Skip to main content

Linux security: Manipulating SELinux policies with Booleans

A quick look at the flexibility that Booleans offer SELinux and how to make use of them.
Manipulating SELinux policies with Booleans

Photo by cottonbro from Pexels

Security-Enhanced Linux, better known as SELinux, has been around for a while now—and for good reason. Originally developed by the National Security Agency, it has been a part of the open source community since 2000 and a part of the Linux kernel since 2003. SELinux helps administrators keep tabs on how different parts of a Linux system can perform actions with fine-grain controls.

Basic workings

In short, SELinux uses a policy database to approve or to deny files, applications, or processes from being accessed on a given system. Applications and processes are defined as subjects that subsequently request access to files (known as objects). A decision is made based on the policies and permissions stored in an AVC (access vector cache).

Quick switches

What happens when you need to use a service that is blocked by one of these policies? Re-defining the policy may be unnecessary, given the context. This is where Booleans enter the scene. A Boolean is essentially a switch that allows for on-the-fly policy changes to specific areas within SELinux. These Booleans are strings that enable us to make micro-level changes to an actively-enforced policy.

[ You might also like: 5 tips for getting started with Linux server security ]

What Booleans are available?

To view a list of available Booleans, you can use getsebool -a. Any user can run this command.

[tcarrigan@client ~]$ getsebool -a
abrt_anon_write --> off
abrt_handle_event --> off
abrt_upload_watch_anon_write --> on
antivirus_can_scan_system --> off
antivirus_use_jit --> off
auditadm_exec_content --> on
authlogin_nsswitch_use_ldap --> off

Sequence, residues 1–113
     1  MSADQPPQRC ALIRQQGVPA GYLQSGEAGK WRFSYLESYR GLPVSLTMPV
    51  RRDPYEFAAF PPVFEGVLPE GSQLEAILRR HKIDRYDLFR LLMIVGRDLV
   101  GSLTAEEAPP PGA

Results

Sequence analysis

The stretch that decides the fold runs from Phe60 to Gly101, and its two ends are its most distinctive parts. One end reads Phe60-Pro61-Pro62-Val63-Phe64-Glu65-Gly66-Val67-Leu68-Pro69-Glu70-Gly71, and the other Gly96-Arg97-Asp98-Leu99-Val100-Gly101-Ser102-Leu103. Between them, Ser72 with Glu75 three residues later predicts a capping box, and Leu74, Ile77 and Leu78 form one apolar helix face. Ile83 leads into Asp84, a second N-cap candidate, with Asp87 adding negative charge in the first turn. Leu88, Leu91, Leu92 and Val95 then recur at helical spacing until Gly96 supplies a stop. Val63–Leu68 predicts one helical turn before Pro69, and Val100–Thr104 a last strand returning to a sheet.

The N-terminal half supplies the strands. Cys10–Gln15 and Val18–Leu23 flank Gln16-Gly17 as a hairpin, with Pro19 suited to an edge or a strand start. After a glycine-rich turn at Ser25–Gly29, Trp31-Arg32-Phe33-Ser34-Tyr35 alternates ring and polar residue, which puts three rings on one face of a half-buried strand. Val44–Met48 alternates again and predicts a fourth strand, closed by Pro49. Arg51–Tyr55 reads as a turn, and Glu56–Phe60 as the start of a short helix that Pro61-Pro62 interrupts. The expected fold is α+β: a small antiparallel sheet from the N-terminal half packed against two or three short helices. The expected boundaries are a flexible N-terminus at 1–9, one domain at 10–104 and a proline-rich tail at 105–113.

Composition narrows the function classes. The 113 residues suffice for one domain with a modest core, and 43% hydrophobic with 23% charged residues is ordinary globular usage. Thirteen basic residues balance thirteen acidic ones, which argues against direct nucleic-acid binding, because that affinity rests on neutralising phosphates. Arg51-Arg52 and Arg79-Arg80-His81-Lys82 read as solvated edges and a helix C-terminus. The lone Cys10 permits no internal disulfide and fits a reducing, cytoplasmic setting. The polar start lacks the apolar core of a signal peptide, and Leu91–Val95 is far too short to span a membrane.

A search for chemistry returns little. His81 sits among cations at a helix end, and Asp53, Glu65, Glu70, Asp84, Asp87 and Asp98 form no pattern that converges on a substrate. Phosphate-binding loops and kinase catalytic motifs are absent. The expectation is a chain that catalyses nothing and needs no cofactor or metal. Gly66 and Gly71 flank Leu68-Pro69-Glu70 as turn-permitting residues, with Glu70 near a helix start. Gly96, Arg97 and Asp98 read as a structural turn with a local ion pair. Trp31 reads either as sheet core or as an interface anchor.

authlogin_radius --> off
authlogin_yubikey --> off
awstats_purge_apache_log_files --> off
boinc_execmem --> on
cdrecord_read_content --> off
cluster_can_network_connect --> off
cluster_manage_all_files --> off
cluster_use_execmem --> off
cobbler_anon_write --> off
cobbler_can_network_connect --> off
cobbler_use_cifs --> off
cobbler_use_nfs --> off
collectd_tcp_network_connect --> off
...Output Omitted...

What do these mean?

There are a huge number of available switches available here. As you can see in the list above, that the function of some of the Boolean switches isn't exactly obvious. You can use semanage boolean -l | grep boolean_name_string to list a bit more information about a given Boolean.

NOTE: You need admin privilege to run semanage commands.

[tcarrigan@client ~]$ sudo semanage boolean -l | grep cobbler*
cobbler_anon_write             (off  ,  off)  Allow cobbler to anon write
cobbler_can_network_connect    (off  ,  off)  Allow cobbler to can network connect
cobbler_use_cifs               (off  ,  off)  Allow cobbler to use cifs
cobbler_use_nfs                (off  ,  off)  Allow cobbler to use nfs
httpd_can_network_connect_cobbler (off  ,  off)  Allow httpd to can network connect cobbler
httpd_serve_cobbler_files      (off  ,  off)  Allow httpd to serve cobbler files

You can see above that we are looking at all Booleans dealing with cobbler. From left to right, we see the Boolean string, the current and default setting, and a short description of the switch.

Enable/disable Booleans

To make changes to the status of a given switch, we use the following command: setsebool boolean_name_string on (off). For example:

[tcarrigan@client ~]$ sudo setsebool cobbler_anon_write on
[tcarrigan@client ~]$ sudo semanage boolean -l | grep cobbler_anon_write
cobbler_anon_write            (on    , off)         Allow cobbler to anon write

To disable the setting, just change the option at the end:

[tcarrigan@client ~]$ sudo setsebool cobbler_anon_write off
[tcarrigan@client ~]$ sudo semanage boolean -l | grep cobbler_anon_write
cobbler_anon_write            (off    , off)         Allow cobbler to anon write

It needs to be stated that Boolean changes do not persist through reboots by default. To make a persistent change, add the -P option to your command syntax.

[tcarrigan@client ~]$ sudo setsebool -P cobbler_anon_write on

[ Want to learn more about security? Check out the IT security and compliance checklist.

More information?

If you need more information around SELinux or Boolean options, check out the SELinux man pages for booleans, getsebool, setsebool, semanage, semanage-booleans, and related topics.

[ Try Red Hat Enterprise Linux, an SELinux-enabled operating system, for free. ]

Topics:   Linux   Linux administration   Security  
Author’s photo

Tyler Carrigan

Tyler is the Sr. Community Manager at Enable Sysadmin, a submarine veteran, and an all-round tech enthusiast! He was first introduced to Red Hat in 2012 by way of a Red Hat Enterprise Linux-based combat system inside the USS Georgia Missile Control Center. More about me

Try Red Hat Enterprise Linux

Download it at no charge from the Red Hat Developer program.